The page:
Israel details IDF’s Cast Lead probes

Rebuttal sent to Ban Ki-moon; HRW: Hamas lied about not targeting civilians.

Judge Richard Goldstone (photo credit: courtesy)
Judge Richard Goldstone
(photo credit: courtesy)

Israel is set to deliver a40-page “letter” to UN Secretary-General Ban Ki-moon on Friday afternoon,explaining the independence of ’slegal system, and the efficacy of the justice system in the military.

Diplomatic officials stressed that this letter is not the IDF’s answer to theGoldstone Commission report. The IDF rebuttal is currently being completed,will number more than 1,000 pages and will answer point-by-point all theallegations in the Goldstone Report.
Rather, the letter to be handed over on Friday will spell out for Ban how theIDF investigated allegations of misconduct during Operation Cast Lead lastwinter, and will point out that Israel’ssystem of military justice compares with that in other democratic countries andis independent, and that the IDF’s investigations are serious.
The UN General Assembly endorsed the Goldstone Report in November, giving both Israel andHamas until February 5 to open independent investigations into their actionsand report back to the secretary-general.
The letter is not expected to deal with the controversial question of whether Israel will setup an independent commission to investigate the allegations that appeared inthe Goldstone document.
Defense Minister Ehud Barak and Chief of General Staff Lt.-Gen. Gabi Ashkenazimodified their objections this week to the establishment of any independentcommission, coming around to the idea of setting up a judicial investigativepanel to review internal IDF investigations and determine whether they werethorough enough and lived up to accepted legal standards.
While Justice Minister Yaakov Neeman and Foreign Minister Avigdor Liebermanhave come out in favor of some kind of independent inquiry, Prime MinisterBinyamin Netanyahu has not made his position on the matter known. He isreportedly coming under intense political pressure from Barak not to agree toan independent committee of inquiry that could independently question officersand soldiers.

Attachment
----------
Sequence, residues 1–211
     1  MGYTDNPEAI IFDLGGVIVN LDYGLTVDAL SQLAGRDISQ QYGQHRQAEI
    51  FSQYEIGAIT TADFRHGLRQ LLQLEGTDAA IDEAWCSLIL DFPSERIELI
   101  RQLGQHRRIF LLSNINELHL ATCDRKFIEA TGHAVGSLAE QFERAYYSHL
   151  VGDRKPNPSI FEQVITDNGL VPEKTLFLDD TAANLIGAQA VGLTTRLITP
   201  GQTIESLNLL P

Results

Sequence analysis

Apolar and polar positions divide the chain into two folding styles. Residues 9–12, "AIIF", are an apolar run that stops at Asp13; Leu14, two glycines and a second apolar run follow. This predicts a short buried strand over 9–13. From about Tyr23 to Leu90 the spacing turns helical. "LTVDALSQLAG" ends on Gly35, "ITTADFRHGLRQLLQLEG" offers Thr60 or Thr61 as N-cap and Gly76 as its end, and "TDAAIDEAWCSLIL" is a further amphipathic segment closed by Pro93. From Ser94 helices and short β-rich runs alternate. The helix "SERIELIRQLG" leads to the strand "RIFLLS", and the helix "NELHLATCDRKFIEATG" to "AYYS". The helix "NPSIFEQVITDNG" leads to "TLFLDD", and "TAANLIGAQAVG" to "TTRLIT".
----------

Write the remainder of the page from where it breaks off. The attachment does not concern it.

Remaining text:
There is some speculation that the issue could come before either the cabinetor the security cabinet next week.
Diaspora Affairs Minister Yuli Edelstein, during a visit to this week, said Israel would not set up a specialinvestigative panel to look into the IDF’s conduct.
The Goldstone Report, written by a mission headed by war crimes prosecutorJudge Richard Goldstone, accused both Hamas and of war crimes and possiblecrimes against humanity during Operation Cast Lead. But the report reserved itsharshest criticism for Israel,accusing the IDF of targeting Gazan civilians with disproportionate force.
Hamas has claimed any civilian casualties the group caused were accidental, TheAssociated Press reported on Wednesday.
But Human Rights Watch on Thursday disputed Hamas’s claim that it did nottarget civilians during Operation Cast Lead. Instead, researchers at the NewYork-based rights group cited evidence that Hamas gunmen intentionally aimedrockets at Israeli communities and used Gazan civilians as human shields duringfighting.
“Hamas’s claim that rockets were intended to hit Israeli military targets andonly accidentally harmed civilians is belied by the facts,” the group said.
Most of the rocket attacks on hit civilian areas, Human Rights Watch said. Furthermore, statements from Hamasleaders during the war indicate Hamas intended to harm Israeli citizens. Thegroup said Hamas fired rockets from populated areas, endangering Gazans because
was likely to retaliate. And, contrary to the Goldstone Report, Human RightsWatch said Hamas men used civilians to shield themselves from counterattacks.
Israel has been highlycritical of a number of Human Rights Watch reports that have already been issuedon the war, variously charging that theyhave been badly biased against and unprofessional.
AP contributed to this report.